Vail Law: Why can’t I see my kid’s college grades?
August 17, 2010
If you’ve got a young ‘un heading off to college, listen up. You’ll want to get up close and personal with FERPA, the Family Educational Rights and Privacy Act.
When the kid’s college tells you they can’t discuss junior with you – you’re just the parent and the checkbook after all – rest assured your nearly-adult child hasn’t been greasing palms to buy the administration’s silence. No, instead of industriously undertaking to keep you in the dark, he or she can simply blame the law.
“My grades are great, Mom and Dad. I promise! I just can’t let you in on it. My lips are sealed under penalty of federal law.”
Well, not exactly.
The Family Educational Rights and Privacy Act, is, in fact, a federal law. Enacted in 1974, the law is a privacy measure meant to protect student education records. The measure applies to all schools that receive funds under an applicable program of the United States Department of Education.
The law gives parents certain rights with respect to their children’s education records. So far so good. That’s how you logged into to your kid’s high school records all these years. But things change when your child turns 18 or attends school beyond the high school level. When the kid starts college, these rights which were previously yours, transfer to the child. Students to whom the rights have transferred are known in bureaucratic legalspeak as “eligible students.” Eligible for what? Well, eligible for their privacy, even if Mom and Dad are footing the bills.
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Under the Act, parents or eligible students have the right to inspect and review the student’s education records maintained by the school. Parents or eligible students have the right to request that the school correct records which he or she believes to be inaccurate or misleading. If the school decides not to amend the record, the parent or the eligible student then has the right to a formal hearing. If the school still decides not to amend the record, the parent or the eligible student has the right to place a statement within the record setting forth his or her view about the contested information.
Each of these rights belongs either to the parent or the eligible student. Generally, before the age of 18 and/or before college, these rights belong to the parent. After the age of 18, these rights belong exclusively to your young adult.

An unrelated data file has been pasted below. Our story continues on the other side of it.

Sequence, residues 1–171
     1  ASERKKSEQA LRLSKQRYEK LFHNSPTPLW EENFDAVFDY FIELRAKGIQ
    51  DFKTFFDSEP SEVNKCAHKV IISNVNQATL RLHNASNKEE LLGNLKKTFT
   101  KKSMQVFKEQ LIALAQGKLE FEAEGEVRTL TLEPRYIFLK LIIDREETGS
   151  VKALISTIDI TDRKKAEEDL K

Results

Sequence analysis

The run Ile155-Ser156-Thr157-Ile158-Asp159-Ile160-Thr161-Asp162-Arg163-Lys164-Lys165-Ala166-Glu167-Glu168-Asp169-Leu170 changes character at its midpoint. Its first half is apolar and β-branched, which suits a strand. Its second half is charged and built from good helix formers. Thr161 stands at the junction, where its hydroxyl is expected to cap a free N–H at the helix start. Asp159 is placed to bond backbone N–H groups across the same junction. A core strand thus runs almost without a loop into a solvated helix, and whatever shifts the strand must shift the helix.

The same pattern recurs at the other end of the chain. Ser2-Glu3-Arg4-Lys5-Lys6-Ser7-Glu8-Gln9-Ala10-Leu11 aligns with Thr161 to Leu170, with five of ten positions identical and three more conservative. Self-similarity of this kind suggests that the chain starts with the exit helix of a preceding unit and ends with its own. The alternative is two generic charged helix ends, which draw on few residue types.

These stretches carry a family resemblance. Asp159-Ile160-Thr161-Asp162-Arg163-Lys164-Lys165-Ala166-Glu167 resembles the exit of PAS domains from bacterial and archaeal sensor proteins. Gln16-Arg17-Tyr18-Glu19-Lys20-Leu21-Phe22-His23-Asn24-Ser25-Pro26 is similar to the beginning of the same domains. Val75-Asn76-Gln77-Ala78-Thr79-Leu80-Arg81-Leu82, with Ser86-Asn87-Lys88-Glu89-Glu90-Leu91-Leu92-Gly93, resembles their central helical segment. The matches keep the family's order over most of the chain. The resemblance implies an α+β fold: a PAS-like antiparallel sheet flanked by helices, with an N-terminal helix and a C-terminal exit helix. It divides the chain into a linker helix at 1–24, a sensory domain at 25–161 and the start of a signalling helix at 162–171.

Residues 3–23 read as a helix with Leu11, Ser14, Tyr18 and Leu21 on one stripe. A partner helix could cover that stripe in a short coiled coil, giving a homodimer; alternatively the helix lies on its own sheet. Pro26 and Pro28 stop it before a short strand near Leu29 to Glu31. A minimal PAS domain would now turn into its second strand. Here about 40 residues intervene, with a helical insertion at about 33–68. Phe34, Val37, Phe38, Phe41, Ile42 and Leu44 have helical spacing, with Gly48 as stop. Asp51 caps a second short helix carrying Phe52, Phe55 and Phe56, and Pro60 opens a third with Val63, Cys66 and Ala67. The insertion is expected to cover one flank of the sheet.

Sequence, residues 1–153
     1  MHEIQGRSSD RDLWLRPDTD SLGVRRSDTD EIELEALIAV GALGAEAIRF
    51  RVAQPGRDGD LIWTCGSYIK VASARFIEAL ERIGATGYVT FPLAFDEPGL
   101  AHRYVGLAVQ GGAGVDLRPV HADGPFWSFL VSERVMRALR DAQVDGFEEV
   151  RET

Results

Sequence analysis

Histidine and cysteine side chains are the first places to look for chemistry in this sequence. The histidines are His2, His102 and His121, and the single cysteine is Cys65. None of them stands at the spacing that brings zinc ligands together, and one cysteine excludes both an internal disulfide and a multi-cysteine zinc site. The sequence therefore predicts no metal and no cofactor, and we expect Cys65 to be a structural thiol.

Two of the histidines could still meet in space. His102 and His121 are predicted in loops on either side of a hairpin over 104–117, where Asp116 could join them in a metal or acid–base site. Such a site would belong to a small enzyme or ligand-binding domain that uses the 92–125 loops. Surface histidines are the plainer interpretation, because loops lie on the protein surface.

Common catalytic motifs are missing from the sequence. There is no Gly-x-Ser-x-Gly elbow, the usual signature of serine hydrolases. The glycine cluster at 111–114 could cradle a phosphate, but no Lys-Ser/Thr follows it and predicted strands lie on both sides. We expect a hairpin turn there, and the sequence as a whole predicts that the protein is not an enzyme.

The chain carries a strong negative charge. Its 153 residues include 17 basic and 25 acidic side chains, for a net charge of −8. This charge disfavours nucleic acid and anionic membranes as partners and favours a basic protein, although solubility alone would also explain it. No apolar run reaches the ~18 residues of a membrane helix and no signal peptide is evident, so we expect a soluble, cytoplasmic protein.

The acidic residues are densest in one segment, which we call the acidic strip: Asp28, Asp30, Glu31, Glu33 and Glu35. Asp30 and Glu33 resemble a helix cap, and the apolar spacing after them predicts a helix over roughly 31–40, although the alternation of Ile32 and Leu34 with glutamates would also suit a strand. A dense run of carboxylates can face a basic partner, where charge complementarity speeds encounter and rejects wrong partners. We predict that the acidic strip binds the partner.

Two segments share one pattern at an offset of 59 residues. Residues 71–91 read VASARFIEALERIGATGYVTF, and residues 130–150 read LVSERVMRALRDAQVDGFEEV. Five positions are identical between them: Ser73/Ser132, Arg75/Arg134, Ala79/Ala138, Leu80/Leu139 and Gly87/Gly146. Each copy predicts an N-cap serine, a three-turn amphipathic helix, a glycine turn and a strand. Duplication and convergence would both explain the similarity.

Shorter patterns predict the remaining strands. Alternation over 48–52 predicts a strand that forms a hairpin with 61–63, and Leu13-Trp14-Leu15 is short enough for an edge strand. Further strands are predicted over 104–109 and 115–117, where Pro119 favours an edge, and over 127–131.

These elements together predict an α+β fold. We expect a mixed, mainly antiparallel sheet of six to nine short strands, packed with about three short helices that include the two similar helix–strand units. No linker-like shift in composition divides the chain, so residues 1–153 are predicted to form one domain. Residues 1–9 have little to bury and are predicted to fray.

Now for the good news. With the written permission of the eligible student, the school may disclose the student’s educational records to the person or persons he or she designates, including parents. The permission is, however, narrowly construed. Just because the student gives you permission to have access to his or her billing records, that doesn’t open up the universe to you. His or her grades and all other educational records which may be cached away in the tidy recesses of academia remain his or her private preserve.
Even if he or she doesn’t always act like one, your 18-year-old / college student is an adult and, being an adult, is entitled to adult rights and privileges, the right to be his or her own private person among them. The tension, of course, often arises when the footers-of-the-bills want a little access to make sure the investment is paying off and junior’s budding out all over with a sense of independence.
Worth noting is that not all college records are “educational records.” Campus police records and medical records are among those not covered by the act. At least some types of non-educational records may, however, be covered by other privacy acts. Think about HIPAA (the Health Insurance Portability and Accountability Act), for example.
The Family Educational Rights and Privacy Act was enacted to protect the privacy of student educational records. Respecting that privacy, fellow helicopter parents, may involve some growing pains.
Rohn K. Robbins is an attorney licensed before the Bars of Colorado and California who practices in the Vail Valley. He may be heard on Wednesday nights at 7 p.m. on KZYR radio (97.7 FM) and seen on ECO TV 18 as host of “Community Focus.” Robbins may be reached at 970-926-4461 or at firstname.lastname@example.org.